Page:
“You really ought to do something else besides reading all the time,” Anita chided, seeing her elder daughter’s nose behind a book yet again.
“What do you want to be when you grow up?” my mother asked for the second time in as many days. Perhaps this question was spurred by my book loving ways, or she didn’t remember asking me such a short time ago.
“I’m going to be an author, and fill the shelves up with books that have my name on them,” I asserted.
“What makes you think you can do that? You’re living in a fantasy world if you think you’ll ever achieve that! It is just a silly pipe dream,” my mother said, walking away. She went to the back of the house to retrieve the laundry from the dryer. Anita didn’t hear the retort of her fearfully quiet but doggedly determined daughter.
“I will too be an author. Just you wait and see. I’ll do just to spite you.” My steely resolve didn’t deter the tear that was escaping, burning hot with humiliation. Again. Next time she asks this question, I hoped to remember not to answer. It was a trick. The lump in my throat hardened and widened.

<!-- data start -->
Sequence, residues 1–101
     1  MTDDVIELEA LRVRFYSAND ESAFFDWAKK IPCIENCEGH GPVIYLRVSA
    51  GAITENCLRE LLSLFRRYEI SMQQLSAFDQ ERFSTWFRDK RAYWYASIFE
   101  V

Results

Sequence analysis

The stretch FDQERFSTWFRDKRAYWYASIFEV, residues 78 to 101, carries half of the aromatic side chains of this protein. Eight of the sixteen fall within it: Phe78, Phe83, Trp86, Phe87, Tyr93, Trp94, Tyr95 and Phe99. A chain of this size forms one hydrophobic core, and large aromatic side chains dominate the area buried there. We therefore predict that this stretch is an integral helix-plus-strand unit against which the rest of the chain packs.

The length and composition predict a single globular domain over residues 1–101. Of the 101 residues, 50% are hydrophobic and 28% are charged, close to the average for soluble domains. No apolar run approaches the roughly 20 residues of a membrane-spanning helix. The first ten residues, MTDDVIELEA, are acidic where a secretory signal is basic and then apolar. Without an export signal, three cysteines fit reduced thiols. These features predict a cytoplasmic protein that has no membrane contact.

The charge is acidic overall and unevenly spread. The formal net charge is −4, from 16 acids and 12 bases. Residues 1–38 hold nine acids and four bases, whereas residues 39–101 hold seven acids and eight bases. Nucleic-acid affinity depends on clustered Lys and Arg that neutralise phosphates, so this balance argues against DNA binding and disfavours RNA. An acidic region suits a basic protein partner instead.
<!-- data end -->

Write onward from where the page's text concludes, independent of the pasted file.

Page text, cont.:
I did grow up and become an author, forty-one years later. I didn’t do it to spite my mother. I had to set those running horses inside my mind, free. I tame those horses when I enter writing contests with word count restrictions, and for most of my blogs. I like to watch which direction my horses head, and their motions along the way. They don’t like being harnessed. While I’m not prolific yet, I’m on my way astride a tall equine, galloping away from the limited, barren pasture where I began her journey.
In memory of a sweet little librarian who knew how to encourage a young child in a significant way. See you in heaven, Agnes Risley!